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Sergey Karyakin's 3 questions before he moves.

Stig. a friend of mine and student from Sweden asked me:  

"Attila, what is your 3 main questions you ask yourself before you do a move , maybe you could also ask the great player S. Karjakin, if you do the same or not?"

I replied him this:
"I ask these questions before I make a move:
1.What does my opponent want with his last move?
2.Is there a possibility to win with a combination?
3.What moves helps me to go closer to my long term goals?
4.If I play the move which I want to move, then what possibilities I may give to my opponent?
5.Am I ready to deal with his reaction?
I sent your question to Sergey Karyakin and wait for his answer."
I just got a message from Sergey Karyakin, who is the 7th best player of the World and the record holder of the world youngest grandmaster.
Attila Turzo   Attila Turzo @AttilaTurzo 06 Nov
 
@SergeyKaryakin A student wrote to me: ask the great player S. Karjakin:What is your 3 main questions you ask yourself before you do a move?
 

 
Sergey Karyakin  
 
@AttilaTurzo 1. I want to play this. 2. This is bad. 3. Who cares? 


Comments


  • 12 months ago

    Curmudgeon1939

    I will begin to use:

    Chess Plan of Action (PIEGSTM)

    Before first move and after each move by your opponent:

    Evaluate Opponents Move

    1. Perception (Action Level) – Observe your opponents move, record your opponents move, and DOUBLE-CHECK your opponents recorded move.

    2. Interpretation (How Level) – How did your opponent respond to your move or opening?  

    3. Evaluation (What Level) What improvements or weaknesses has your opponent created?

    Move

    4. Goal (Why Level) Is your goal still achievable or does it need to be changed guided by your evaluation of the overall position?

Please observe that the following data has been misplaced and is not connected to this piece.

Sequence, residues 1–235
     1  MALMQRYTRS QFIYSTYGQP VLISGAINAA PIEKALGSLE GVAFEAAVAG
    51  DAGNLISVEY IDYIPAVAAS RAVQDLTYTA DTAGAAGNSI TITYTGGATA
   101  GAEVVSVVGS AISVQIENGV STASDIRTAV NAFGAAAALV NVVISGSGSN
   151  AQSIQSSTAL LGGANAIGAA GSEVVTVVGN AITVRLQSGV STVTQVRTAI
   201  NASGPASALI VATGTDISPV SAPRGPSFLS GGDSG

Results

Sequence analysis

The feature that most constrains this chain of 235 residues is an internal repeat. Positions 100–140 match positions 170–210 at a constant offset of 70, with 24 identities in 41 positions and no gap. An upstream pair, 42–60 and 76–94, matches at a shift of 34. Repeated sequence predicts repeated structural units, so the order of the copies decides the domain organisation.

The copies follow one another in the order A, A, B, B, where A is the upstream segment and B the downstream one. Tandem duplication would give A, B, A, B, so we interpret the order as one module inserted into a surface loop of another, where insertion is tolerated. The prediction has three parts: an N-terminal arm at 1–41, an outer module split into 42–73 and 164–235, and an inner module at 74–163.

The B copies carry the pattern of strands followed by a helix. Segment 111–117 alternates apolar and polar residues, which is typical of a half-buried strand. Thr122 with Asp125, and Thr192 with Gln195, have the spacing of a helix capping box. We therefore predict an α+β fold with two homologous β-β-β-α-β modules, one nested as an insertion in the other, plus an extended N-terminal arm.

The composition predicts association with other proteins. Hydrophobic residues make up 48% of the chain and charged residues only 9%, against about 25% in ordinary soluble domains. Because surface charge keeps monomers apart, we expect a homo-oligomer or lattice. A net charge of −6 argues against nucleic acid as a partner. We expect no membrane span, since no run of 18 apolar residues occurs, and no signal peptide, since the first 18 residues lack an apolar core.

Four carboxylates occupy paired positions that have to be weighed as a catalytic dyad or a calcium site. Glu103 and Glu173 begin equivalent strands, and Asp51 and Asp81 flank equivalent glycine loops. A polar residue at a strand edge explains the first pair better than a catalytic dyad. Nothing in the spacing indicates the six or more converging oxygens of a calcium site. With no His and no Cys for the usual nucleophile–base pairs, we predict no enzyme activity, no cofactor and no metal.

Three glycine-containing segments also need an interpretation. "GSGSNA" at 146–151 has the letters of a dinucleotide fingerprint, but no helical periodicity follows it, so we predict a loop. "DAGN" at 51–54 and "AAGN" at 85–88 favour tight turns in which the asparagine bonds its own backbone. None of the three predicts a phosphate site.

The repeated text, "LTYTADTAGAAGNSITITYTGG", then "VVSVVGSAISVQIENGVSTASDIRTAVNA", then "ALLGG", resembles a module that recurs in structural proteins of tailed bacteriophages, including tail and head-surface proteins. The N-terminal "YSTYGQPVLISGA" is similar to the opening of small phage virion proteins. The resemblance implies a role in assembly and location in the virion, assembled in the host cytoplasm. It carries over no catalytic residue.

5. Strategy (What Level) What is the best course of action to counter your opponents move and improve your position guided by your goal?

    6. Tactics (How Level) – How can you make the best move guided by your strategy?

     7. Move (Action Level)– Make your best move, stop your clock, record your move, and DOUBLE-CHECK your recorded move. 

    Thoughts?

  • 18 months ago

    wingfour

    Did you see Sergej's videos during the recent Tata tourney? I just love this man.

  • 20 months ago

    nirvana

     What matters most is answering right to the questions.

  • 20 months ago

    himath2009

    Apropos, Karyakin 's response is smug...

  • 20 months ago

    himath2009

    There is only one question to be asked:

    - What is the best move?

    And, a prayer that your answer is correct...

  • 20 months ago

    mottsauce

    Yes, I would, but that's not the point.

  • 20 months ago

    Twobit

    @mottsauce: I am just curious; would not you be interested what Magnus would say? 

  • 20 months ago

    mottsauce

    Twobit, you're being a jerk. Please get a sense of humor, or go away.

  • 20 months ago

    Twobit

    Sergey does not actually answer the question. Out of "What is your 3 main questions..." he has only "Who cares?". Truly brilliant and effortless indeed. Now, I would wager that Magnus Carlsen would be more helpful, adding a little effort to answer this. Could you ask him, please?

    (On a different note, most chess writers studying thinking processes of grandmasters found no evidence of such a "checklist". While they actually do care, their approach is not that of "think like a tree" a la Kotov)

  • 20 months ago

    Lawdoginator

    lol

  • 20 months ago

    RetGuvvie98

    excellent tips for winning chess planning.

    thanks IM.

  • 20 months ago

    FM chesskingdreamer

    Laughing

  • 20 months ago

    Rasparovov

    Funny that's actually how I think sometimes.. With less success than Karyakin.

  • 20 months ago

    MrMars

    hahahahahha

  • 20 months ago

    sajay

    if he think otherwise- he could be World #6!!

  • 20 months ago

    p2kpradeep

    LOL... So that's the attitude you need to be the 7th best player in the world! 

  • 20 months ago

    Gaffneychess

    Questions are good but I'd rather look for a move that forces my opponents response.  If I do this and his response is beneficial to me then what questions are there to ask?  I know chess is more complicated than that but wouldn't it be nice if it was that easy? I'm with Sergey on this one.  Who cares?  LOL

  • 20 months ago

    chessmaster102

    lol

  • 20 months ago

    gnuandspeedo

    Asking such questions on a consistent basis may help reduce game spoiling blunders. Going turn base and not live also reduces blunders big time for meSmile

  • 20 months ago

    Stanley3349223

    Sergey Karyakin is a genuis. A man of few words. 

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